Memoirs of Benjamin Franklin; Written by Himself. [Vol. 2 of 2] With his Most Interesting Essays, Letters, and Miscellaneous Writings; Familiar, Moral, Political, Economical, and Philosophical, Selected with Care from All His Published Productions, and Comprising Whatever Is Most Entertaining and Valuable to the General Reader

By Benjamin Franklin

Page 33

dreams, it is, as the French
say, _autant de gagne_, so much added to the pleasure of life.

To this end it is, in the first place, necessary to be careful in
preserving health, by due exercise and great temperance; for in sickness
the imagination is disturbed, and disagreeable, sometimes terrible,
ideas are apt to present themselves. Exercise should precede meals, not
immediately follow them; the first promotes, the latter, unless
moderate, obstructs digestion. If, after exercise, we feed sparingly,
the digestion will be easy and good, the body lightsome, the temper
cheerful, and all the animal functions performed agreeably. Sleep, when
it follows, will be natural and undisturbed; while indolence, with full
feeding, occasions nightmares and horrors inexpressible; we fall from
precipices, are assaulted by wild beasts, murderers, and demons, and
experience every variety of distress. Observe, however, that the
quantities of food and exercise are relative things; those who move much
may, and, indeed, ought to, eat more; those who use little exercise
should eat little. In general, mankind, since the improvement of
cookery, eat about twice as much as nature requires. Suppers are not bad
if we have not dined; but restless nights naturally follow hearty
suppers after full dinners. Indeed, as there is a difference in
constitutions, some rest well after these meals; it costs them only a
frightful dream and an apoplexy, after which they sleep till doomsday.
Nothing is more common in the newspapers than instances of people who,
after eating a hearty supper, are found dead abed in the morning.

Another means of preserving health, to be attended to, is the having a
constant supply of fresh air in your bedchamber. It has been a great
mistake, the sleeping in rooms exactly closed, and in beds surrounded by
curtains. No outward air that may come in to you is so unwholesome as
the unchanged air, often breathed, of a close chamber. As boiling water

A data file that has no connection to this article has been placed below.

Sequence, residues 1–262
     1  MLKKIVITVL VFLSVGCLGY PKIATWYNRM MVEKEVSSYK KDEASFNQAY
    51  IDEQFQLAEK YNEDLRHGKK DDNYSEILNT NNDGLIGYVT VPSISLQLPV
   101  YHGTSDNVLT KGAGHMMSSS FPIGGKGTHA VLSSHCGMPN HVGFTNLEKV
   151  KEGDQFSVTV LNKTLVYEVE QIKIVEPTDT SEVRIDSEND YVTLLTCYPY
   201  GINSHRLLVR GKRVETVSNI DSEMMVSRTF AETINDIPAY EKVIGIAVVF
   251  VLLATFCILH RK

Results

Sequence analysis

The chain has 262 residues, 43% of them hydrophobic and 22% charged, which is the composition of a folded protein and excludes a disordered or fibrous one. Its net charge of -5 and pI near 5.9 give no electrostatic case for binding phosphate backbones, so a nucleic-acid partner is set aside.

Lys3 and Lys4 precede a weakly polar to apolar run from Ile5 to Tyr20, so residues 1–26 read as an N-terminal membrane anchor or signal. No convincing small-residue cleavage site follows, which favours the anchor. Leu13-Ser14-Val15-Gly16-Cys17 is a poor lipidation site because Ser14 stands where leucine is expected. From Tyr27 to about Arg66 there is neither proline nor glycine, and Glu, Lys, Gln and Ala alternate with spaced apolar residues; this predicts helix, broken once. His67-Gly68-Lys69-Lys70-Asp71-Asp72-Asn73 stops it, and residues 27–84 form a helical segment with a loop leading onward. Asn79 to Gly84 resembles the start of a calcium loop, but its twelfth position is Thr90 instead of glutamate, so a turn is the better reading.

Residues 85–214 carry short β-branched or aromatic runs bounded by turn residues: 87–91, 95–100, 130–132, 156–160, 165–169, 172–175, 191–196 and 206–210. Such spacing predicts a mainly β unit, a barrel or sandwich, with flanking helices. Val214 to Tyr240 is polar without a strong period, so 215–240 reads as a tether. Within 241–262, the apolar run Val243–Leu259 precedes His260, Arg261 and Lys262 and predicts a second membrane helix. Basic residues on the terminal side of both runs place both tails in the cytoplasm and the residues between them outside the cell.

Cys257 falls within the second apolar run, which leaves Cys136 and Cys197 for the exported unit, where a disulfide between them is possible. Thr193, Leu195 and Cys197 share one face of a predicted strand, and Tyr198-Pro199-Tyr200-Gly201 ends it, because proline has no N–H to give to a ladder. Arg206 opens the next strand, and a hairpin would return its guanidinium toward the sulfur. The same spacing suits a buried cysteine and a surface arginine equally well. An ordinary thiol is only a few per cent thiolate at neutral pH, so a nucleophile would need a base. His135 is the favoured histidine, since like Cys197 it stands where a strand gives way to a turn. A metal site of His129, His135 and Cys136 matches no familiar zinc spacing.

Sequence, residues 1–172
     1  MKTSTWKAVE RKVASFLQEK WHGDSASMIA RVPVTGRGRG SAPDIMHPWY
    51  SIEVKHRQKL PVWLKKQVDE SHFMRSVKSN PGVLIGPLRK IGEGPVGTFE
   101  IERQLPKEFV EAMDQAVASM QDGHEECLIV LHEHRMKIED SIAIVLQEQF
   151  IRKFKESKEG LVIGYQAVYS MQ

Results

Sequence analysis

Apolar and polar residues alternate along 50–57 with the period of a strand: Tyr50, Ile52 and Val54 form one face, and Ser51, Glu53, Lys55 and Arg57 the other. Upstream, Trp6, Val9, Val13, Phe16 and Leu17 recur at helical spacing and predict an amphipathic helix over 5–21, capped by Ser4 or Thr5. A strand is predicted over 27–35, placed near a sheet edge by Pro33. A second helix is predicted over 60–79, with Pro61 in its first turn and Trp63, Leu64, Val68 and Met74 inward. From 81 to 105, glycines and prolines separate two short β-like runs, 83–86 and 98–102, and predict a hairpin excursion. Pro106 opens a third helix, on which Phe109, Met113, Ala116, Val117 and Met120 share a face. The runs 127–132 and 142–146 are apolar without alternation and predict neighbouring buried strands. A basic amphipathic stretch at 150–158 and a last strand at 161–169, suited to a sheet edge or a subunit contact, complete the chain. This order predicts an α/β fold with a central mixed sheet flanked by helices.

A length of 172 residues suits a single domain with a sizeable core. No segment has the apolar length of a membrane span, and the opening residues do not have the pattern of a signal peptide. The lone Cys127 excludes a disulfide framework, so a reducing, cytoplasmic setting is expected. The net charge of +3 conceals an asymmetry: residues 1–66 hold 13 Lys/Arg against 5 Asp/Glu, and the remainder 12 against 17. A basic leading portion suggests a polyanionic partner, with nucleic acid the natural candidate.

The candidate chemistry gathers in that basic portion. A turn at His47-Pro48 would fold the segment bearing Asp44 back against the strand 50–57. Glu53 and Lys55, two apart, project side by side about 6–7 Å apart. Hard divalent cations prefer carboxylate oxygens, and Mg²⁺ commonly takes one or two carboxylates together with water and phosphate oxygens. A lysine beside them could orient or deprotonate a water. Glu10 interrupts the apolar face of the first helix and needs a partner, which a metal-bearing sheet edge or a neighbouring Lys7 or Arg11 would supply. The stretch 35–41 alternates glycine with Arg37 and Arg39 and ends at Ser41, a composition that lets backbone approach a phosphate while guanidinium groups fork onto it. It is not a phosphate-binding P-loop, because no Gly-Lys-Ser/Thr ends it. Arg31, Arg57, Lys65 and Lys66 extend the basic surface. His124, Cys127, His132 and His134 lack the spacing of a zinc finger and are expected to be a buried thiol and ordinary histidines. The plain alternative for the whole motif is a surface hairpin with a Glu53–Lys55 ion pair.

does not grow hotter by longer boiling, if the particles that receive
greater heat can escape, so living bodies do not putrefy if the
particles, so fast as they become putrid, can be thrown off. Nature
expels them by the pores of the skin and the lungs, and in a free, open
air they are carried off; but in a close room we receive them again and
again, though they become more and more corrupt. A number of persons
crowded into a small room thus spoil the air in a few minutes and even
render it mortal, as in the Black Hole at Calcutta. A single person is
said to spoil only a gallon of air

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Text Comparison with Franklin's Autobiography (Eclectic English Classics)

Page 7
That felicity, when I reflected on it, has induced me sometimes to say that, were it offered to my choice, I should have no objection to a repetition of the same life from its beginning, only asking the advantages authors have in a second edition to correct some faults of the first.
Page 32
The governor gave me an ample letter, saying many flattering things of me to my father, and strongly recommending the project of my setting up at Philadelphia as a thing that must make my fortune.
Page 38
He agreed to try the practice if I would keep him company.
Page 39
Ralph was ingenious, genteel in his manners, and extremely eloquent; I think I never knew a prettier talker.
Page 40
He then showed me his piece for my opinion, and I much approved it, as it appeared to me to have great merit.
Page 44
He found some relations, but they were poor, and unable to assist him.
Page 54
I suffered a good deal, gave up the point in my own mind, and was rather disappointed when I found myself recovering, regretting, in some degree, that I must now, some time or other, have all that disagreeable work to do over again.
Page 58
In truth, he was an odd fish; ignorant of common life, fond of rudely opposing received opinions, slovenly to extreme dirtiness, enthusiastic in some points of religion, and a little knavish withal.
Page 64
Hamilton, before mentioned, who was then returned from England, and had a seat in it.
Page 65
I was bred a farmer, and it was a folly in me to come to town, and put myself, at thirty years of age, an apprentice to learn a new trade.
Page 83
{ 6} Put things in their places.
Page 94
As we played pretty equally, we thus beat one another into that language.
Page 99
About this time I wrote a paper, (first to be read in Junto, but it was afterward published,) on the different accidents and carelessnesses by which houses were set on fire, with cautions against them, and means proposed of avoiding them.
Page 120
" I bid her sweep the whole street clean, and I would give her a shilling.
Page 132
The people of these back counties have lately complained to the Assembly that a sufficient currency was wanting.
Page 133
The advertisement promised payment according to the valuation, in case any wagon or horse should be lost.
Page 144
visited me, and gave me an account of the pains he had taken to spread a general good liking to the law, and ascribed much to those endeavors.
Page 151
He was a man of letters, had seen much of the world, and was very entertaining and pleasing in conversation.
Page 163
] [Footnote 205: Studding sails are sails set between the edges of the chief square sails during a fair wind.
Page 165
many of them put together, who has so much in his power as thyself to promote a greater spirit of industry and early attention to business, frugality, and temperance with the American youth.